De-bunking Subsidy Publishing Horror Myths

By: M. Lavora Perry

De-bunking Subsidy Publishing Horror Myths
? 2004 M. LaVora Perry

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Subsidy publishing companies are those that require an author to pay to produce her or his book. These companies are also known as co-publishers, or pejoratively, "the vanity press."

Some of these companies make unreasonable promises about how their services lead to books becoming instant, phenomenal best-sellers, or engage in other unscrupulous business practices. However, legitimate subsidy publishers do exist.

In this article, I'll explain the 6 factors that led me to choose the subsidy publishing company with which I partnered to publish my children's book, Taneesha's Treasures of the Heart.

First, let me say that whether one self-publishes solo or uses a subsidy publisher, the expense of paying to publish can be high. Publishing print-on-demand (POD) is a form of subsidy publishing that can greatly reduce this expense. However, this article will cover conventional subsidy publishing in which a certain number of books are printed in anticipation of orders being placed.



If you can afford it, and you do your homework and footwork, partnering with a subsidy publisher can have its advantages. In my case, the factors that influenced me to select the company I chose were:

1.) I pay a one-time, flat fee that includes free reprints for the duration of my two-year contract, and I will not pay for reprints if I renew my contract. My intention all along was to produce a top-selling book. I invest the book promotion hours and effort it takes to make this happen. As a result, my book was published in June of 2003 and I'm presently into my 3rd free printing; books are being sold both nationwide and internationally.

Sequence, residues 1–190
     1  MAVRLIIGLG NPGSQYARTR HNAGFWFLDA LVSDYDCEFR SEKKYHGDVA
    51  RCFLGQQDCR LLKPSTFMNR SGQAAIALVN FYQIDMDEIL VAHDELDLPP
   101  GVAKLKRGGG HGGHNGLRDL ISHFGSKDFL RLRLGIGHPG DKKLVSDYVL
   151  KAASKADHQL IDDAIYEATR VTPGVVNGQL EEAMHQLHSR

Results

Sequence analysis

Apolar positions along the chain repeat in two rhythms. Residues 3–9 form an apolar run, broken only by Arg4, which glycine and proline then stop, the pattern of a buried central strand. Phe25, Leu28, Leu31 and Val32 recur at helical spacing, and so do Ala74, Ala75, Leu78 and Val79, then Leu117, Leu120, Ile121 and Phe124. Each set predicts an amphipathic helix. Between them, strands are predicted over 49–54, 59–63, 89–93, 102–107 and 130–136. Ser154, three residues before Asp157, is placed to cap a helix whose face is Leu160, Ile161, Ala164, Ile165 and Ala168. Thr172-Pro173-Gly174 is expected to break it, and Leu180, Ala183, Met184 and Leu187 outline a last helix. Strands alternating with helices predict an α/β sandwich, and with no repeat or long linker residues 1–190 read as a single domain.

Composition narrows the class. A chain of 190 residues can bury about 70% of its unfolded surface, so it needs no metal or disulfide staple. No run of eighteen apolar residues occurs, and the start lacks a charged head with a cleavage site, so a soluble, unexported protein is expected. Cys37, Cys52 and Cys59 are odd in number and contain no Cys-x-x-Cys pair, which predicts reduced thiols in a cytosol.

2.) My fee includes worldwide distribution through Baker & Taylor--which means something to those vendors to whom it means something.

3.) I don't have to pay for or personally handle warehousing and shipping, or pay additionally for these essentials--no matter how many times my book is reprinted.

4.) I own the copyright to my work--not the subsidy publisher.

5.) The company's finished products have a professional appearance in terms of paper and bookcover stock and print quality.

6.) I didn't want to wait until a traditional publisher picked up Taneesha's Treasures of the Heart; the story was unconventional enough that I believed I had to make substantial sales before traditional publishers realized there was a market for this type of book.

Now that Taneesha's Treasures of the Heart is in print, my co-publisher has provided me with a significant additional reason to be glad about my decision to use their services: As I continue to learn more about the publishing business and approach them to revisit certain terms of my contract, they have been flexible about doing so.

I would never tell anyone that they should stay away from every subsidy publisher, no more than I would dissuade someone from totally self-publishing, publishing POD or seeking a traditional publisher. Rather, because I realize that so much of what I've learned and achieved in relation to my book is the result of people sharing their expertise with meFind Article, my approach to disseminating information is to provide balanced assessments of what the reality of publishing is so that writers can make well-informed decisions about how they want to proceed with their work.

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